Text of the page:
Friday, April 3, we were off in good season. I rode the horse and Gabb rode my mule, Kate. The horse was inclined to show his Californian nativity when first mounted, but he soon cooled down. It was cloudy. We passed over the low pass at Mount Diablo and struck down the canyon east. It began to rain. There were no houses to stop at, so we kept on and soon got beyond the rain. We struck out on the great San Joaquin plain, stopping at “Dutch Fred’s,” a shanty in a grove of oaks, dignified by the title of “Public House.” Saturday, April 4, we pushed on. It was clear, and at times the snowy Sierra showed dimly in the distance on the east, while Mount Diablo and its range towered grandly on the west.

But this plain is the great feature. The mountains are so dim in the east that they are not conspicuous, so that the plain seems as interminable as the ocean, except on the west. The ground is already dry, the grass very scanty and seldom over two or three inches high. As it grew hotter a mirage flitted around us—a great lake of clear water continually before us for hours. Once the appearance was so deceptive that we took the wrong road, supposing that it led around the water we thought was ahead of us. It took us out of the way, so that we did not strike the right road for some miles. You can have no idea of this extraordinary optical and atmospheric phenomenon. The eye is so deceived that the understanding refuses to dissent from the apparent truth.

Both of us were somewhat stiff after our two days’ riding, so a halt here over Sunday is very acceptable. It is Easter, but it does not seem so here—a quiet house on the river bank, far from the hills, on this monotonous plain.

Sunday, April 12.

Monday, April 6, we started on and rode thirty-one miles without any incident. We stopped that night at Hill’s Ferry, a dirty place, where a drunken “Secesh” made an uproar the whole night. A few vaqueros were managing a lot of wild Spanish cattle, to get them on board the ferryboat, and gave us some specimens of horsemanship and lassoing that were decidedly fine.

Tuesday we came on to Firebaugh’s Ferry—a long fifty miles, a weary ride, and we had nothing to eat the entire day. Nor was this all. In crossing a slough early in the morning, a mixture of very muddy water and very sticky mud, Kate and Gabb got mired. They got out safely, but both cut a sorry figure, wet and covered with sticky mud, the former from head to tail, the latter from head to foot. We pushed on, the sun came out and dried them, and the mud was brushed off.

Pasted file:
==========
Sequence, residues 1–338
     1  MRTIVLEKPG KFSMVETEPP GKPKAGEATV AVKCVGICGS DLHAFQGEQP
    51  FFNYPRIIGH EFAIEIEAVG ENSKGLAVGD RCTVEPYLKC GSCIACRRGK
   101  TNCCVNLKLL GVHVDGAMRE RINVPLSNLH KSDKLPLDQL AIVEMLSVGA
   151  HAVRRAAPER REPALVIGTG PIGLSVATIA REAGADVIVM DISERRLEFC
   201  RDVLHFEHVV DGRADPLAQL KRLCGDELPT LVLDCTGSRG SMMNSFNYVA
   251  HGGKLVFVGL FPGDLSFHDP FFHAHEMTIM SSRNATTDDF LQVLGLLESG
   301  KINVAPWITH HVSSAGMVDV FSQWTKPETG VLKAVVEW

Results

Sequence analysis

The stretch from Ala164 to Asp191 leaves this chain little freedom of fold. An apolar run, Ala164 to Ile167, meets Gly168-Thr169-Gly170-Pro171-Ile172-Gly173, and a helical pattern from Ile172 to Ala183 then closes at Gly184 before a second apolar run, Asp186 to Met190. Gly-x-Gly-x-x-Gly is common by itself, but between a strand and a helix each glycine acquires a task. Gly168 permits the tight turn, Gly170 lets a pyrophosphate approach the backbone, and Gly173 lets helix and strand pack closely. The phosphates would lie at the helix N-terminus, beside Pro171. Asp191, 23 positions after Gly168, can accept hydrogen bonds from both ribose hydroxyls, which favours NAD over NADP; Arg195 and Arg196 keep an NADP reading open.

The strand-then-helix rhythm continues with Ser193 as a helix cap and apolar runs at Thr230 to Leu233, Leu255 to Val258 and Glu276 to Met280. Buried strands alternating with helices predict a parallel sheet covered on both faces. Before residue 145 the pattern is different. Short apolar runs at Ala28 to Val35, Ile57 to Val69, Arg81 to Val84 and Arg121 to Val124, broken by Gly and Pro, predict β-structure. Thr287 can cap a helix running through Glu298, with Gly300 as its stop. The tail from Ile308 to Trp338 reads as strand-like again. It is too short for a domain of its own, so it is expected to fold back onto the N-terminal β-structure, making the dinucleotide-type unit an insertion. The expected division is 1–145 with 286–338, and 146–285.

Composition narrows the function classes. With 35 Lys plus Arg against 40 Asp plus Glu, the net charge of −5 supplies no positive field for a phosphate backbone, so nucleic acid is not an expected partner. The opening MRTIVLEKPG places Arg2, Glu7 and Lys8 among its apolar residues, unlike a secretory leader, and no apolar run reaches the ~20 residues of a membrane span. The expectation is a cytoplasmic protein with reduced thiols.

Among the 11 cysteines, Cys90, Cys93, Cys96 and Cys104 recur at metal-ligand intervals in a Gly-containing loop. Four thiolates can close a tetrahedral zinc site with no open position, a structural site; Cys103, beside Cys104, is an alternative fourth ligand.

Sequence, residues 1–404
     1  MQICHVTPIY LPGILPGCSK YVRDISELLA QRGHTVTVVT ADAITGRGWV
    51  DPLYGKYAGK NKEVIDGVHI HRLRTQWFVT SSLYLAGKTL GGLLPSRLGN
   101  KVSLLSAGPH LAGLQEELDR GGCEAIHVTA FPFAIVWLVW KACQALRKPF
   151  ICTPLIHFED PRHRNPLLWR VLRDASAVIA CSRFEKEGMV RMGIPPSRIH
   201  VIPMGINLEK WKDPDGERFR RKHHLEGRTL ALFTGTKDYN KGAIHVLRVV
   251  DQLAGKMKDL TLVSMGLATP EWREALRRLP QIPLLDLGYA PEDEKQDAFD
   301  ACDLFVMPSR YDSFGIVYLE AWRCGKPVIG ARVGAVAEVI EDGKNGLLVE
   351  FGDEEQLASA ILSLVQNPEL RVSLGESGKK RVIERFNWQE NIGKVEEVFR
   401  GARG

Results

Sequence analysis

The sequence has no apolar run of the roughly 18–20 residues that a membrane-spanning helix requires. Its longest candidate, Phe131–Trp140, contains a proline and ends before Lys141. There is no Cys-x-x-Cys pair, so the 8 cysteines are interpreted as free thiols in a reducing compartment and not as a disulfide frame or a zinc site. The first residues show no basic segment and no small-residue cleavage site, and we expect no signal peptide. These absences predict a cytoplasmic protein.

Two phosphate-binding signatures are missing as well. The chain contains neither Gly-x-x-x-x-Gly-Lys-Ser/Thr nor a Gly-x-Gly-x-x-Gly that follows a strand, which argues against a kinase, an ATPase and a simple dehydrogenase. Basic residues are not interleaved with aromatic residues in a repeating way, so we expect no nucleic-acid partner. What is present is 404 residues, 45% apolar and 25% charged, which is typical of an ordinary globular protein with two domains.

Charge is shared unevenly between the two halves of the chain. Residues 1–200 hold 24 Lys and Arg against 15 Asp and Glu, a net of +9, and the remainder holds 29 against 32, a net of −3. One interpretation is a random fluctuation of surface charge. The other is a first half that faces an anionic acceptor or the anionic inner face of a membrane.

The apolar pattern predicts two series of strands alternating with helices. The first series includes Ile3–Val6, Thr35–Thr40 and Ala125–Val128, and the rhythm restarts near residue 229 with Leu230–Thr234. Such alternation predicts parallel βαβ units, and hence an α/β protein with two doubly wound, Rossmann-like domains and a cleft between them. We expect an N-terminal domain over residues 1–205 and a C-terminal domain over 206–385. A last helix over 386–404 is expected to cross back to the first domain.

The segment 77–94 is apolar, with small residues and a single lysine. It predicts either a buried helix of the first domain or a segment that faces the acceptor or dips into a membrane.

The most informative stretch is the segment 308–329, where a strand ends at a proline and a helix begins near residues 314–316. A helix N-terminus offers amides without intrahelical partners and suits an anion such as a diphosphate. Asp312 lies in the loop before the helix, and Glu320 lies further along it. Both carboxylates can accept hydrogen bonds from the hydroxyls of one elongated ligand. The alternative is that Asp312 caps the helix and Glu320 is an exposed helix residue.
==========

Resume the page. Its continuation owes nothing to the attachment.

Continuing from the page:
Firebaugh’s was even a harder place than Hill’s. I ought to have mentioned that near our Sunday’s stopping place a murderer had just been arrested, and that at Hill’s four horses had just been stolen. When we got to Firebaugh’s we found more excitement. A band of desperadoes were just below—we had passed them in the morning, but luckily did not see them. Only a few days before they had attempted to rob some men, and in the scrimmage one man was shot dead and one of the desperadoes was so badly cut that he died on Monday. Another had just been caught. Some men took him into the bushes, some pistol shots were heard, they came back and said he had escaped. A newly made grave on the bank suggested another disposal of him, but all were content not to inquire further. This semi-desert plain and the inhospitable mountains on its west side are the grand retreats of the desperadoes of the state. It is needless to say that knife (newly ground) and six-shooter are carried “so as to be handy,” but I trust that I will ever be spared any actual use for them.

Wednesday we came on to Fresno City—only eighteen miles, but there was no other stopping place for forty miles, so we had to stop. The country had been growing more and more desolate. We had left the trees behind at Hill’s, except occasional willows along the sloughs, and this day, for sixteen miles we rode over a plain of absolute desolation. The vegetation that had grown up last year, the wet year, was dead, and this year none has started. Sometimes no living thing cheered the eye, nothing in sight alive for miles. We crossed the slough ten miles above Firebaugh’s, where there is a ferry, and a solitary shanty stands, the only house for the eighteen miles. We then struck across the plain in the direction of Fresno City, without track or guide, and at last that place loomed up.